One of the most influential accounts belonged to the director of the movie Andy Muschietti. Andy has almost half a million followers on Instagram. From very early on, he showed his ideas and sketches on the platform, letting people be a part of the IT creation. 

 
 
 
 
 
 
 
 
 
 
 
 
 

And here a little sketch i drew for pennywise’s “killmouth” , one of the comedic highlights of the film // acá un dibujito que hice para el momento mas humorístico de la peli . #ITMovie #killmouth

A post shared by Andy Muschietti (@andy_muschietti) on

He also posted behind the scene photos. Sometimes spooky... and sometimes cute.  

 
 
 
 
 
 
 
 
 
 
 
 
 

I couldn't be more proud of these creatures. Jeremy where are u? IT Premiere is coming !!! PC:@instagrahamesmith #itpremiere #itmovie

A post shared by Andy Muschietti (@andy_muschietti) on

With his posts, Andy made fans feel like they were included in the making of IT. He took care of the old fans, too: Andy revealed multiple times in his Instagram that the plot will be more like the book as opposed to the previous miniseries adaptation. Closer to the release date, Andy started posting the posters of missing children and the photos of balloons with the countdown to the release date.

 
 
 
 
 
 
 
 
 
 
 
 
 
 
 

A post shared by Andy Muschietti (@andy_muschietti) on

Barbara Muschietti, the producer of IT, also did her part in promoting the movie on Instagram. She posted background photos that gathered thousands of "likes" and was the first one to post the photos of all the kids from the Loser's Club, which caused an eruption of media attention. Together with Andy, she also did a Q&A on social media under the hashtag #AskITFilmmakers.

Another social media account that directly increased ticket sales for the movie was the Stephen King's Twitter account. The author has more than 6 million followers. But also, it's his approval that people were waiting for before making a decision whether to go and see the movie. After Stephen King praised the remake of IT, all the doubts of all the horror fans were gone. 

Stephen King also posted about IT many times after that, but perhaps the coolest tweet was this one:

Actors' and Warner Bro's accounts also promoted the movie. Bill Skarsgård, the actor who played Pennywise, has 1 million followers on Instagram and he posted enough promotional material to draw people's attention. Nicholas Hamilton, another actor with a large following, promoted the movie by posting images of red balloons.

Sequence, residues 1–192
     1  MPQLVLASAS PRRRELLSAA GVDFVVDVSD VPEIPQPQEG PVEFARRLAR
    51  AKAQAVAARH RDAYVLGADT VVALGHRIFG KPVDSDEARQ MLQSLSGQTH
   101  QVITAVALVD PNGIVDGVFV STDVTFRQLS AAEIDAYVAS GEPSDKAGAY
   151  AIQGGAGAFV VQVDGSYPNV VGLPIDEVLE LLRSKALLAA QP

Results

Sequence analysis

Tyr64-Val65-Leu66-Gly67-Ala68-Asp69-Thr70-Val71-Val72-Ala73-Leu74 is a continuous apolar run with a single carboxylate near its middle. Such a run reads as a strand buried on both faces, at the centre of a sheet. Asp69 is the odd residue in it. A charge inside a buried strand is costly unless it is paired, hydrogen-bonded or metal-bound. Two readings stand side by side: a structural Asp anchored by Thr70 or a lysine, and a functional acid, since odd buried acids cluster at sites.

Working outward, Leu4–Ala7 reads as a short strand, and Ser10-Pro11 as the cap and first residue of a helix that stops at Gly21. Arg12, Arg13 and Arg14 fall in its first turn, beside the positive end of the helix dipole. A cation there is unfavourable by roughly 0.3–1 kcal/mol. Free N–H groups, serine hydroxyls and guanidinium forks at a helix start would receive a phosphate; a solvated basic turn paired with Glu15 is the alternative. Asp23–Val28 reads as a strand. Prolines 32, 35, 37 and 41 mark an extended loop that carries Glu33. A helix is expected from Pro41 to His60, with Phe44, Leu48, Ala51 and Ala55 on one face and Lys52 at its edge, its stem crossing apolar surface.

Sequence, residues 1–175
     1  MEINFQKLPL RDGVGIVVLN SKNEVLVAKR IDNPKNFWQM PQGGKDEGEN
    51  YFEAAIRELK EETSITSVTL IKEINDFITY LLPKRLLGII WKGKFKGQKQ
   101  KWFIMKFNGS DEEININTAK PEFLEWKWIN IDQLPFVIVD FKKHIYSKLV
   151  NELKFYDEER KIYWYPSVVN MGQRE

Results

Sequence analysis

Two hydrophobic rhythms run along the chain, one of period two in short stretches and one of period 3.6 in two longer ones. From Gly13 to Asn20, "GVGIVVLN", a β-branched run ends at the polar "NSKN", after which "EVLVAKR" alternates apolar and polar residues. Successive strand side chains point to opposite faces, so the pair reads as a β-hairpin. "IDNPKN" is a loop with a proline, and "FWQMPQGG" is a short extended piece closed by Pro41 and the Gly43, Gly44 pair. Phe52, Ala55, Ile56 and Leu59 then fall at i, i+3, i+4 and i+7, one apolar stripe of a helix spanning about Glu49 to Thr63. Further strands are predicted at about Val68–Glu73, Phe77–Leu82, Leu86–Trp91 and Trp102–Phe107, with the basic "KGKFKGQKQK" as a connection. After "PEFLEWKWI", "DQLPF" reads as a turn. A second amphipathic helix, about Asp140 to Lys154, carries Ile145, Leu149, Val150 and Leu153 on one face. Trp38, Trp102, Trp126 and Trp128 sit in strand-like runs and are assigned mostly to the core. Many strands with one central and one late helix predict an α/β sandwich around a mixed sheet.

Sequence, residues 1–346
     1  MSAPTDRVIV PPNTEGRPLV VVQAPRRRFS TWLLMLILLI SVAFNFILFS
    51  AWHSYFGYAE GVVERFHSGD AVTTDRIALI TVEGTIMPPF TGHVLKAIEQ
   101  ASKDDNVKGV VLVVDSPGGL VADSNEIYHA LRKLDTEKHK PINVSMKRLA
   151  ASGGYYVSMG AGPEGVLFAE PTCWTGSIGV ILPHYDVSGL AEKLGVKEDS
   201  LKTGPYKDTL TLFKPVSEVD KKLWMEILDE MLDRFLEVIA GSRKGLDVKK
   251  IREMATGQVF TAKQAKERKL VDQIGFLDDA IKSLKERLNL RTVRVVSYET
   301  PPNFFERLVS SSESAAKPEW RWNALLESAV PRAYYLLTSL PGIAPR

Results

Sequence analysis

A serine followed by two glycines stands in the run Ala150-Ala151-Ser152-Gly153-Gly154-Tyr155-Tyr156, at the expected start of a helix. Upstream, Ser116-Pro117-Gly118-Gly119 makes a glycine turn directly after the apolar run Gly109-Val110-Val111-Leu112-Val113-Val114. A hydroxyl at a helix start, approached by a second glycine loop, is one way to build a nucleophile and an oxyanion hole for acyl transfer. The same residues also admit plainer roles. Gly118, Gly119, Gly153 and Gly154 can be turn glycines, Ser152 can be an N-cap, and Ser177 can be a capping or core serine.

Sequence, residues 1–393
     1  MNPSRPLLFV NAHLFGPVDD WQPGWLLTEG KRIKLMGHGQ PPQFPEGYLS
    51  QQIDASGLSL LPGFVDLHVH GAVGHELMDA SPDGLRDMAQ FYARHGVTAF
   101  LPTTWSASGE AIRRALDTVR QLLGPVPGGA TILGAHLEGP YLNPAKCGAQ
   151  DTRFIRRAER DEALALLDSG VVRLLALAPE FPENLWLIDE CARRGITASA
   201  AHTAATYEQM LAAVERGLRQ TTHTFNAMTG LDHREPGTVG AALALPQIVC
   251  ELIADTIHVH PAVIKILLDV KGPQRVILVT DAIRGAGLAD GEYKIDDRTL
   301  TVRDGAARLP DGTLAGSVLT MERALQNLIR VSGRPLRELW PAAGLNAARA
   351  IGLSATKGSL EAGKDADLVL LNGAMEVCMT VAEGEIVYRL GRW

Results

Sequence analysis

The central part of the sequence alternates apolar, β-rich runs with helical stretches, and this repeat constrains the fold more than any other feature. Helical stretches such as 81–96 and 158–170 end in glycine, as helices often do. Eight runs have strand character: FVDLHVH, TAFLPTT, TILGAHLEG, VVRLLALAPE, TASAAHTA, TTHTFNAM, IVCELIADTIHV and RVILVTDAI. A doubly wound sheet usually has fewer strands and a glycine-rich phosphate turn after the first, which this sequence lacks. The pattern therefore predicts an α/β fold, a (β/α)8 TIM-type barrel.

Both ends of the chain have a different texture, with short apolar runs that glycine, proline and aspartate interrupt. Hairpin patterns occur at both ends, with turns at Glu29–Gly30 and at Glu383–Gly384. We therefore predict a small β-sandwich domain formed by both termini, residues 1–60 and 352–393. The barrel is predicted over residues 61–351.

Social media marketers behind Warner Bros thought Christmas is as fitting a holiday as any to promote the horror movie. After all, it's also about children, isn't it?

Everyone involved in the making of the movie made sure their social media audience is aware, alert, and waiting. 

3. Guerilla marketing meets social media marketing

While all of the above is no doubt impressive marketing, it's not even close to some other ideas the geniuses behind IT came up with. Their end-goal was to take horror off the screen and to your doorstep. What would you do if you saw something creepy on the streets, right where you live? You'd take a photo and post it on social media. That's exactly what happened when people started seeing red balloons tied to the street sewer drains around Sydney.

Photos like this one became viral sensations. 

In another publicity stunt, the marketers organized a fake mass rally of the real-life clowns who've allegedly suffered from the horror movie. Journalists only revealed that the New York rally was fake and meant to promote the movie when they started researching the "victim" businesses and didn't find any.

While this seems like a counterintuitive tactic to attract viewers, it has a proven success record. Negative PR is what works for horror movies. Raw, for instance, benefited from the rumors that audiences vomited because of how intensely gory the film was. The House That Jack Built was often talked about in the context of people leaving the cinema because of its extreme violence. So why not promote the movie by suggesting it's so powerful kids can't even look at clowns anymore?

Finally, Warner Bros went big with offline marketing that's supposed to encourage UGC content: they created a replica of the movie’s haunted house in Hollywood, where people could take photos and post them on social media. It's been dubbed "the scariest place in Hollywood".

Conclusions and takeaways

Let's summarize what we learned about IT marketing and horror movie marketing in general. 

Firstly, the unprecedented success of IT was partly due to the large, diverse, and no doubt expensive marketing campaign. Investing more to get more was what worked for the marketers of IT. Secondly, the people behind IT used social media to its full potential. They revealed engaging details, made the audience feel like they are all in this together, built suspense, used recognizable imagery, and involved every relevant and influential person out there. And finally, what made this marketing campaign absolutely special was the tight connection between the offline and online worlds. The marketers managed to bring the horror closer to you and encourage tons of user-generated viral content. Sometimes, using only a thread and an infamous red balloon!

What can every marketer learn from the IT marketing campaign?

  • Look at every product launch as a PR opportunity and give it all you've got.
  • Create memorable imagery that will associate strongly with your brand.
  • Squeeze everything out of social media. Create official accounts and private accounts (for your employees). Post regularly. Combine images, texts, and quotes.
  • Work with social media influencers. It's unlikely that your CEO has many followers, so either promote their account to a point when they become an influencer or find existing relevant influencers and collaborate with them. 
  • Encourage user-generated content. 
  • Experiment. Strive to connect offline and online, to show parallels between your different marketing campaigns. Consider how Instagram-friendly your offline campaigns are. Will people want to post what they see on social media?

Keep calm and overcome your fears. If you do the marketing right, the creepy clown will come for everyone but you.